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U of M researchers use improved imaging technique; discover a better approach to diagnosing epilepsy
Date:8/1/2011

MINNEAPOLIS / ST. PAUL (August 1, 2011) Using state-of-the-art, 7 Tesla magnetic resonance imaging (MRI) technology, University of Minnesota Medical School researchers may have uncovered a better approach to diagnosing epilepsy.

In the process, the team was able to cure eight patients of all epileptic symptoms.

Epilepsy, a neurological disorder causing repeated seizures or convulsions, impacts about one percent of the population, according to the National Institutes of Health (NIH). The most common type of epilepsy is temporal lobe epilepsy, caused by scarring inside the hippocampus, a major memory center of the brain. Many of these patients have severe memory problems, even in between seizures.

Using 7 Tesla MRI technology, a U of M research team led by University of Minnesota Physician neurologist Dr. Thomas Henry, scanned epileptic patients to capture extremely detailed images of their brain. (The strength of a magnetic field is measured in Tesla units. The higher the field strength, the more detailed the image acquired by MRI machines.)

While most standard clinical MRI machines have strength of 1.5 or 3 Tesla, the improved 7 Tesla technology allowed researchers to make highly-improved, detailed images of patients' brain tissue, especially the portion responsible for causing epilepsy.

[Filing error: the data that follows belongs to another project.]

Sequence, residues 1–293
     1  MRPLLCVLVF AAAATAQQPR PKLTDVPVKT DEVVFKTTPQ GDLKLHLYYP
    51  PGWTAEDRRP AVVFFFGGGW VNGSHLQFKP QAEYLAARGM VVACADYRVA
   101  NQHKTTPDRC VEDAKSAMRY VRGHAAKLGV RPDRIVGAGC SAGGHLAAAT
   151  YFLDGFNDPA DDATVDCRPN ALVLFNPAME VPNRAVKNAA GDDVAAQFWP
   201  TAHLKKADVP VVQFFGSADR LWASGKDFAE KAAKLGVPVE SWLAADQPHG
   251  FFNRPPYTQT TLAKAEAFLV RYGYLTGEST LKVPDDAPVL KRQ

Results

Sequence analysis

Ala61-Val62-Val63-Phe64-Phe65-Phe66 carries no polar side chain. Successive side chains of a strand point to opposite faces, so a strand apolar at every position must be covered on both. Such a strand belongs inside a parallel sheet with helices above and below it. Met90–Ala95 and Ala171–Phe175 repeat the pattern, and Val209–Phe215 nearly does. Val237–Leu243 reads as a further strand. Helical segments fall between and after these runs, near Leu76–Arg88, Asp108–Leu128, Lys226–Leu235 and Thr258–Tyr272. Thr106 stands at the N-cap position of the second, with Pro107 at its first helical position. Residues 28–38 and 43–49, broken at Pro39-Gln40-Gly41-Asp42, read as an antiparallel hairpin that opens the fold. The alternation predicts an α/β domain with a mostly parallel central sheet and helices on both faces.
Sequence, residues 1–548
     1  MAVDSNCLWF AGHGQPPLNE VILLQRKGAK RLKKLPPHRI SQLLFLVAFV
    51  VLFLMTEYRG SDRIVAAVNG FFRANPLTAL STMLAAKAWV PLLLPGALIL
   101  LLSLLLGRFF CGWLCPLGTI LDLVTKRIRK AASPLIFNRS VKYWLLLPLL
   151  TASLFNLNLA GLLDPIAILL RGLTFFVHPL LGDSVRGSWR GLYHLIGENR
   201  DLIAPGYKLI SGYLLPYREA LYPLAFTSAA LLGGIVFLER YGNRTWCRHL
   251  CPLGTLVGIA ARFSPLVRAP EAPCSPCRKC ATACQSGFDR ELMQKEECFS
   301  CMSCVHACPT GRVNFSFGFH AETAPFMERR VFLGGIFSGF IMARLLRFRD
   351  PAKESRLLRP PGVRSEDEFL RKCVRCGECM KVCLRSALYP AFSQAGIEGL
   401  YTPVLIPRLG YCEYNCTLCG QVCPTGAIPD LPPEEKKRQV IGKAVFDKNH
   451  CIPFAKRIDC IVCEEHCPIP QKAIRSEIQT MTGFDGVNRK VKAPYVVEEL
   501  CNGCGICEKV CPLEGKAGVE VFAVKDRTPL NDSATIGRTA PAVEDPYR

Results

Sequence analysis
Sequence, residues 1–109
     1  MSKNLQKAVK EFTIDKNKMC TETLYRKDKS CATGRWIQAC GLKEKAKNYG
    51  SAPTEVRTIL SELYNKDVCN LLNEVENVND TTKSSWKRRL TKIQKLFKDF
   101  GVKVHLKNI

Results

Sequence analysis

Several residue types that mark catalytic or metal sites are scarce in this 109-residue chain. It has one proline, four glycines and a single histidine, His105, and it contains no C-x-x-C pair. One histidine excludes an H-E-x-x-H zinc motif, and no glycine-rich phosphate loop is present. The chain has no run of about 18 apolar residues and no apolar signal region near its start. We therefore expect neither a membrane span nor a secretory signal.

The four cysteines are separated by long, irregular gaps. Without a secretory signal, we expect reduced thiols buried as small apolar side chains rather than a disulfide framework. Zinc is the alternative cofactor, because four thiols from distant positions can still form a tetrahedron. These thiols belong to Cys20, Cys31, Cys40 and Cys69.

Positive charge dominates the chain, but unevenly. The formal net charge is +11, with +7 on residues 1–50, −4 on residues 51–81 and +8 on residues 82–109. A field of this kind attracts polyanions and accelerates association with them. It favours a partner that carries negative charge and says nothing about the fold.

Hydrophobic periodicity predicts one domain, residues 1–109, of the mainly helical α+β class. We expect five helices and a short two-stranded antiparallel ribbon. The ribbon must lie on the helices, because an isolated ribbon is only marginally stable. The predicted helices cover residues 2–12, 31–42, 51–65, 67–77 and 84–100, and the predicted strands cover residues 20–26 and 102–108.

The clearer MRI images allowed Henry and his colleagues to more accurately find scar tissue associated with temporal lobe epilepsy. Accurately locating this scarring is critical because if medications fail to control epileptic seizures, it's often possible for highly-trained neurosurgeons to remove scars from the brain in order to stop the seizures. The healthy parts of the brain left untouched, and actually begin to function better after seizures stop.

"There is huge potential here to improve patient care through improved approaches to magnetic resonance imaging," Henry said. "When you see how much clearer these
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Contact: Kelly O'Connor
oconn246@umn.edu
612-624-5680
University of Minnesota
Source:Eurekalert

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